A 27-year-old man in Crete has reportedly confessed to the killing of a 59-year-old American scientist whose body was found in an abandoned WWII bunker on July 8, according to a local news site.
Suzanne Eaton’s body was found near the settlement of Xamoudochori, in Hania, nearly a week after she was last seen by friends on July 2.
Local police sources cited by Cretalive told the website that the suspect, who is a farmer and a father of two, is talking to police officers after being detained for questioning along with several other suspects.
He reportedly owns a plot of land near the old German bunker and knows the area well.
During the investigation, policemen found tracks of the car with which he transferred the body of the woman near the cave.
Officers detained a total of 10 suspects in connection with the killing, whom they checked for possible scratches or bruises that would link them with the crime. They also examined their cars and mobile phones to find where they were on the day of the scientist's disappearance.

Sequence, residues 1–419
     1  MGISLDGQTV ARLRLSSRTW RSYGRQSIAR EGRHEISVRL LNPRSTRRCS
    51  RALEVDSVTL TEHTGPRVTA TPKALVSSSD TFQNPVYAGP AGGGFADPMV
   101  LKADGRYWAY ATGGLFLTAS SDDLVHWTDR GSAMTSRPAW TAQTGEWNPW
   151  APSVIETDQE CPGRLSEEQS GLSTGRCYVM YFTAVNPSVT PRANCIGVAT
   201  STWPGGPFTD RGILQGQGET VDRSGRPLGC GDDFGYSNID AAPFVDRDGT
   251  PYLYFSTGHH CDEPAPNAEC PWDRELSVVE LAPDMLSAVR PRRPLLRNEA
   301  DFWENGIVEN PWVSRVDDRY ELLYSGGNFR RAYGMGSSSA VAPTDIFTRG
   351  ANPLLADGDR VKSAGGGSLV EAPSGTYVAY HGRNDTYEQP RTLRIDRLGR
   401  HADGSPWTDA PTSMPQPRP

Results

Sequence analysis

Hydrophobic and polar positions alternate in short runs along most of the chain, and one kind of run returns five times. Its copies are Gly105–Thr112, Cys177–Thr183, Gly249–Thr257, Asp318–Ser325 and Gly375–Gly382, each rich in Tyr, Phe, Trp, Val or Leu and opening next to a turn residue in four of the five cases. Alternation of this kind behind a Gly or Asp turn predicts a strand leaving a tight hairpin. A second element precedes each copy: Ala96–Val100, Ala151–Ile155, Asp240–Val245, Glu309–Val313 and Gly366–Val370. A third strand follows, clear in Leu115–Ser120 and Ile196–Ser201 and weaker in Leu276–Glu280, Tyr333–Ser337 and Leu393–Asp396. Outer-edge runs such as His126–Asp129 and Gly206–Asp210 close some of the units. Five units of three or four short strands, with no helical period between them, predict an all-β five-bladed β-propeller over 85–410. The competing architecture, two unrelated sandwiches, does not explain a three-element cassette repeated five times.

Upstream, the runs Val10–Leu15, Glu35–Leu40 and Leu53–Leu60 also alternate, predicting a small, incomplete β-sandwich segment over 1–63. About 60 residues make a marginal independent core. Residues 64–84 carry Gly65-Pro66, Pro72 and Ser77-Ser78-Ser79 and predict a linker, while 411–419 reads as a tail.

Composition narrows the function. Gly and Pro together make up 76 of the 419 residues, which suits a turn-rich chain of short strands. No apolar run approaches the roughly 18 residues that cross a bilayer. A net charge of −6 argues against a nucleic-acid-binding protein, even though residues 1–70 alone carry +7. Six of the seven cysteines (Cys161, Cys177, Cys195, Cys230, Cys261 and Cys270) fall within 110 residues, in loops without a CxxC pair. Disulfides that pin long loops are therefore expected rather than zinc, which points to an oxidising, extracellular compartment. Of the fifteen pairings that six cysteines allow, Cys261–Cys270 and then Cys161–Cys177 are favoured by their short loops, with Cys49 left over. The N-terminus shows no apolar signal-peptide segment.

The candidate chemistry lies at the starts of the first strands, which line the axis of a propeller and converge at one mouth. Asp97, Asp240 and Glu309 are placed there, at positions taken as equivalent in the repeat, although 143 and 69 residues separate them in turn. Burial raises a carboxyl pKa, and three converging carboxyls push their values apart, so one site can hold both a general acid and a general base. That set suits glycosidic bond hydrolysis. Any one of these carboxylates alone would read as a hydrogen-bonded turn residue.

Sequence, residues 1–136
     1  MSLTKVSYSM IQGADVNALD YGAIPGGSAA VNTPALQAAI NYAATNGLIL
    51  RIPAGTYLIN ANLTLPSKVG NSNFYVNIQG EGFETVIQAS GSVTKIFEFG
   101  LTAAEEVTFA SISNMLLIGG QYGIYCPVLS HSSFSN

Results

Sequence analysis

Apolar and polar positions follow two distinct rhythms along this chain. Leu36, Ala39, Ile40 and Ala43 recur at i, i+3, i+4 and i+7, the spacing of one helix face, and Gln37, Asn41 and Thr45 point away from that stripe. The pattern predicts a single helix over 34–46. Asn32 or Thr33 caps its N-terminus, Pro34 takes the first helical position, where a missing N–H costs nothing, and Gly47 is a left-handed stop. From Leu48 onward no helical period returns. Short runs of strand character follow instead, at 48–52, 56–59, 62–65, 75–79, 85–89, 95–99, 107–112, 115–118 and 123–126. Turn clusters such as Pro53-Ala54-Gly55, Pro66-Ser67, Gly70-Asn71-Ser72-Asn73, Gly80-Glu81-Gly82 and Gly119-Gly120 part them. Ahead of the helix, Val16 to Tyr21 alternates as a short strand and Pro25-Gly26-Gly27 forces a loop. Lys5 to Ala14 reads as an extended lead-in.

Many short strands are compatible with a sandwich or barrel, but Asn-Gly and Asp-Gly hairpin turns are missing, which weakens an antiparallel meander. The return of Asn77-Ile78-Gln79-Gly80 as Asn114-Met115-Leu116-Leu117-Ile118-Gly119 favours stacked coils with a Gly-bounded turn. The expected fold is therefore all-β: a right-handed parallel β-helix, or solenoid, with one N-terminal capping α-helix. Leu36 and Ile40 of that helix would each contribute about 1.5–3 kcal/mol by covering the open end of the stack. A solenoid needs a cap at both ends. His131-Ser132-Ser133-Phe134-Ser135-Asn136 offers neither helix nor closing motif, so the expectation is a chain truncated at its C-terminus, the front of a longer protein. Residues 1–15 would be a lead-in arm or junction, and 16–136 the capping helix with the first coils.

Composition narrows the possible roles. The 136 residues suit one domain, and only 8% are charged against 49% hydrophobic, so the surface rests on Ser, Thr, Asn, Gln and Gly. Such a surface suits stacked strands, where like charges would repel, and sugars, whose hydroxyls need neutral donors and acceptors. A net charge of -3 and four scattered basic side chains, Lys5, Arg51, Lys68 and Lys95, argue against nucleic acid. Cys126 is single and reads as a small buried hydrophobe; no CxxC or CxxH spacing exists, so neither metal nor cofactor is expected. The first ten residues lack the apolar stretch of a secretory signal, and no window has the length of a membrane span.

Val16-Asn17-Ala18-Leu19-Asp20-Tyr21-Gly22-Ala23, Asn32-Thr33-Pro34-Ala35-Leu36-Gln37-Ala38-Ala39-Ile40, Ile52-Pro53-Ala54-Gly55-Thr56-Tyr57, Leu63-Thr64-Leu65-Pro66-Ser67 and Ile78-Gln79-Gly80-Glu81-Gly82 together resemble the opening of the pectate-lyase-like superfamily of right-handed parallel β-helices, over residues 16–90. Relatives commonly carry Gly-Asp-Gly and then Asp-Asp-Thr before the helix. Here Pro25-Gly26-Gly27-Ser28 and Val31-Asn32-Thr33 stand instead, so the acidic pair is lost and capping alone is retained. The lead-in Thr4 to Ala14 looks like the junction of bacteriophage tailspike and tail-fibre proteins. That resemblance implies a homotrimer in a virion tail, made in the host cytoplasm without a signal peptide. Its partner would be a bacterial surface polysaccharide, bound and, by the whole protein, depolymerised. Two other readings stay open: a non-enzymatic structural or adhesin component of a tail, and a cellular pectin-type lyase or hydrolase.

Authorities are also examining cellphone data to trace calls made in the area on the day of Eaton's disappearance.
An examination of the 59-year-old's remains by two local coroners reportedly indicated that she had had her mouth and nose blocked, though it remains unclear whether her death was the result of suffocation.
It was also unclear whether the crime was committed at the scene or the 59-year-old was killed elsewhere and disposed of in the cave.
A molecular biologist at the Max Planck Institute at Dresden University, Eaton had been on the island to attend a conference in Hania. She is survived by her husband, British scientist Tony Hyman, and two sons.